There are photos, lent to me by my aunt, of a time I can barely remember.
One of the black and white snapshots is of my twin brother, Mike, my younger brother, Jeff, and I, standing in front of the Christmas tree in the living room of our farmhouse.
In the photo, everything appears so, well, stark.
The house, still lived in by my mother today, is old. My grandparents used to live there when they owned the family farm. My uncle and my dad were both born in that house.
Today, it is quite comfortable, having been updated with new wall coverings, carpeting, furniture and the like.
The old photo reminds me that, during our early youth, my brothers and I lived in a place that had been stuck in time for years. There was no carpeting at all in the house back then, and the gray linoleum with its unique pattern of swirls in the living room shows up well in the photo.
My dad saved up his money and purchased and installed that flooring in the house when he was 16 as a gift to his mother.
The source of the "stark" atmosphere in the house may be simply from the flash of the camera making everything in the background fade in appearance.
All I know is my brothers and I are beaming in this photo. Who knows? Our faces may be aglow. It's hard to tell in the less than high quality black and white image.
There were gifts under the tree that had already been adequately inspected, weighed, and shaken by the three of us. There weren't a lot of presents, but anything was better than nothing.
Plus, as I'm sure you may recall as you think of Christmases past, the gifts eventually shrink in importance, pushed aside by the special night service at church, the getting to know the distant relative once again who always made it home for Christmas, the food, the music, the chatter, the laughter.
It's a nice place to start, when you think of it. There's something strangely reassuring when tradition and simplicity are two of the overpowering elements in one's earliest memories of Christmas.
This may be the Christmas when many families across the country are forced to find out just how much of the material Christmas they can leave behind.
It may be the one that redefines Christmas entirely — for better or worse.
If you look back at the photos of Christmas 50 years ago — not that long a time, really — you can see what a simple place it once was. What you wanted for Christmas was a very short list of possibilities, and what you got was usually the single most possible thing on the list, plus a few of the articles your mother thought you needed. The intent was the same as it is now, more or less, but the means were so much fewer.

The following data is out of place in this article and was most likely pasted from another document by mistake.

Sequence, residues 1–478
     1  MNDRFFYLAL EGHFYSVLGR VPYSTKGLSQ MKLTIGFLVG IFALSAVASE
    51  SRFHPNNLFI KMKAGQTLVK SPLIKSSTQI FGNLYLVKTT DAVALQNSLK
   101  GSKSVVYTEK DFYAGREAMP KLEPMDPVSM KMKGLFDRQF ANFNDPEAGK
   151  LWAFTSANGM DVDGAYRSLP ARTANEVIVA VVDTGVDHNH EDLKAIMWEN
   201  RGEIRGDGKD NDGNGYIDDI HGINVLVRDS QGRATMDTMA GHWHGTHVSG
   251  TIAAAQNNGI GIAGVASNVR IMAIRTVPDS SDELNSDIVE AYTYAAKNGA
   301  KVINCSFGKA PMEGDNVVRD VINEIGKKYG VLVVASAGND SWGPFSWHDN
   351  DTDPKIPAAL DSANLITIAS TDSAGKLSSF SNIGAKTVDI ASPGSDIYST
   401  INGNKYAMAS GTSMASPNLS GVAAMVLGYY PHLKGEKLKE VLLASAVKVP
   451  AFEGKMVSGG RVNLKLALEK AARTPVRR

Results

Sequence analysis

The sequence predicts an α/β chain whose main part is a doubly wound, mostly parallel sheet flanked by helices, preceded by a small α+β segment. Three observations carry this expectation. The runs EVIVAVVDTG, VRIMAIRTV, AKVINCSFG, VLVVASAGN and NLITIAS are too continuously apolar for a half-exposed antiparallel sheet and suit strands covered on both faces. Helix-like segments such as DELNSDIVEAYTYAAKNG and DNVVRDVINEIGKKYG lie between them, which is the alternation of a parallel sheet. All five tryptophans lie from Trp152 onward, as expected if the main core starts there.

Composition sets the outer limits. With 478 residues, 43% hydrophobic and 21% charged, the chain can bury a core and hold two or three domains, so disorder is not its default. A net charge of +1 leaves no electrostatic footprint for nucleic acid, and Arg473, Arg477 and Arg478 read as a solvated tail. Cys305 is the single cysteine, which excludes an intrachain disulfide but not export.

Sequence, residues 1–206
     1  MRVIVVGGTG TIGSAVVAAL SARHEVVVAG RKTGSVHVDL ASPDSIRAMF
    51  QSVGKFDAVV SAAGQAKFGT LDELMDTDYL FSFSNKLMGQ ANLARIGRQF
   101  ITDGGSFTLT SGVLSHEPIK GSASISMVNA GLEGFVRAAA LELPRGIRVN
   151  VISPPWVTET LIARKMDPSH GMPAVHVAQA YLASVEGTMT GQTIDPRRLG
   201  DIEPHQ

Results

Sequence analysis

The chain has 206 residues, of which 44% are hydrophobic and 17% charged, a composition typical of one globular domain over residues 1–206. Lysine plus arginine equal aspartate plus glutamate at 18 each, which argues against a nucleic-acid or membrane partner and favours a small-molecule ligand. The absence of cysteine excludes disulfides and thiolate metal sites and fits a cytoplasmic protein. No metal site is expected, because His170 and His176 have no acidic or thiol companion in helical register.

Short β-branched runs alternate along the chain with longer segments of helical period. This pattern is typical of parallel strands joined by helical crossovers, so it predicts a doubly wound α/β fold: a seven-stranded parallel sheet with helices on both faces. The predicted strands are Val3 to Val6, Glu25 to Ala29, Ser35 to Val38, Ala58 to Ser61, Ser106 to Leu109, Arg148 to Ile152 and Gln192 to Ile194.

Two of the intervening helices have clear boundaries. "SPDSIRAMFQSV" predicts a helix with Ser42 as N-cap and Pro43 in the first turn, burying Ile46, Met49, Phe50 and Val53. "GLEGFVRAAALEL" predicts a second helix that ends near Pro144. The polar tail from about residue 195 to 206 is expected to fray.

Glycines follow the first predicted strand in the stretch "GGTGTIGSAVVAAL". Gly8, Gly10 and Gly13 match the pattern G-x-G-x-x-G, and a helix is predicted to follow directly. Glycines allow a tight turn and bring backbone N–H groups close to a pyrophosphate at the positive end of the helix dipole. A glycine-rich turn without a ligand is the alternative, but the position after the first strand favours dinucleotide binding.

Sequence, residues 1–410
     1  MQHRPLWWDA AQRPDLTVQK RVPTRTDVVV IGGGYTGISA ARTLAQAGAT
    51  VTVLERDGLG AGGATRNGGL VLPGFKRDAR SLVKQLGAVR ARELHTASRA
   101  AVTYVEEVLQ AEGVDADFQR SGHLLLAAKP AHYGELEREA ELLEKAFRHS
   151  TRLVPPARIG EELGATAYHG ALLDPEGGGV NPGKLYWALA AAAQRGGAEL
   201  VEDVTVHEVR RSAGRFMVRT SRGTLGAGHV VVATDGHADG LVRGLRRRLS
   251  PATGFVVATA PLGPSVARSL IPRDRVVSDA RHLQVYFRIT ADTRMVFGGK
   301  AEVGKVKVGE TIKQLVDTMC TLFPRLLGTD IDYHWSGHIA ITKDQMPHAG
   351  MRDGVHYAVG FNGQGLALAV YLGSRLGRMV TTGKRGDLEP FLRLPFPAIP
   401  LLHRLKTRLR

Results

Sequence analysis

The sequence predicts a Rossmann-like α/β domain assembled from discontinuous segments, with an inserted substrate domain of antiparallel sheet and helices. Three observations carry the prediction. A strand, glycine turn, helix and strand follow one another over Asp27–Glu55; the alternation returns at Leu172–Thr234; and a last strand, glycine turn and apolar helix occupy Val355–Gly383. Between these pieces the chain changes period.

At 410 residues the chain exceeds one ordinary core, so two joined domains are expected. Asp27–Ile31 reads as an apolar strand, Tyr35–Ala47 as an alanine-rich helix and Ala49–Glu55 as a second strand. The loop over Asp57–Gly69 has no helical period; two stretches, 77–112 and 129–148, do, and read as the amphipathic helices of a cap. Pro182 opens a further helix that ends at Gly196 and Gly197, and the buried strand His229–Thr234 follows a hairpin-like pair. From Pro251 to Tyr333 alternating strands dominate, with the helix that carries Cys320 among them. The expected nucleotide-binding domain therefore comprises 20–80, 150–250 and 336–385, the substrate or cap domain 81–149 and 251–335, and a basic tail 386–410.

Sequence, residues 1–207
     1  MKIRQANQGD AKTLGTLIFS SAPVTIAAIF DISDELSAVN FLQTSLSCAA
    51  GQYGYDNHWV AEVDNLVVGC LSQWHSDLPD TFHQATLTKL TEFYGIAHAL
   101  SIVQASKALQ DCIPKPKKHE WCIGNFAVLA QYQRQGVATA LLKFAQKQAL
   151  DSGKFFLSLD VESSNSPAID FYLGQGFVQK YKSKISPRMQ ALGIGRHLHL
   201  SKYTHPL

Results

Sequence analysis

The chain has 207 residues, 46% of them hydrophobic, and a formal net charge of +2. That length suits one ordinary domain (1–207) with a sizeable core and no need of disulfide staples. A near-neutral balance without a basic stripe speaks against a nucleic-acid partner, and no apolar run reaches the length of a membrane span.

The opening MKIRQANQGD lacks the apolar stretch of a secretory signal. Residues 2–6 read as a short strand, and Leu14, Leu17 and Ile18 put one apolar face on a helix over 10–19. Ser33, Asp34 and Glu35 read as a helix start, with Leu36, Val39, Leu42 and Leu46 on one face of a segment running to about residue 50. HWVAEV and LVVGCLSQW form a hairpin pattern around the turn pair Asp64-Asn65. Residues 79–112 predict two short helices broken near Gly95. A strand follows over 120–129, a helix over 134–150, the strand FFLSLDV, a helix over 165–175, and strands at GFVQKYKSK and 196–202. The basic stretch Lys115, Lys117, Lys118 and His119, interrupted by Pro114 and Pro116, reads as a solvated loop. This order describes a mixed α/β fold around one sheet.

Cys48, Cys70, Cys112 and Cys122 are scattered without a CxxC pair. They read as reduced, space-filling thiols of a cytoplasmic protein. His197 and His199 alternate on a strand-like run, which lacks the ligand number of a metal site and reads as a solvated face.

In recent years, a floundering economy has been in direct conflict with what best can be described as Christmas Gone Wild, when large retail stores start decorating with tinsel and blinking lights right after Halloween.
You may be finding a way to a new and simpler Christmas this year – the only type of Christmas my brothers and I experienced way back in those wonder years.
And there may be some people – upon hearing the latest reports that Christmas spending seems to be up this year compared to a year or two ago when everything seemed so rocky – who perhaps fear the simplicity of it all will continue to disappear.
What it comes down to, perhaps, is saving Christmas from the idea that Christmas will save us — that the shopping we have done this season will keep the economy afloat or give us the buoyancy we need for the coming year.
But, really, Christmas needs no saving. It does not exist apart from what we make of it. And, on its own, it cannot save us, though it contains the gestures of generosity and thankfulness that are halfway to being a better person, a richer community.
Christmas is all the better for being a simple place, a reassurance of spiritual grounding, of the love of family, of the familiar comfort this special time never fails to bring.
Those important gifts – much more important than the ones gift-wrapped under the tree – are, when you think of it, presented to us every day.
The only difference is that today it feels like Christmas.
— This column first
appeared in the
Dec. 24, 2010, Plain Talk.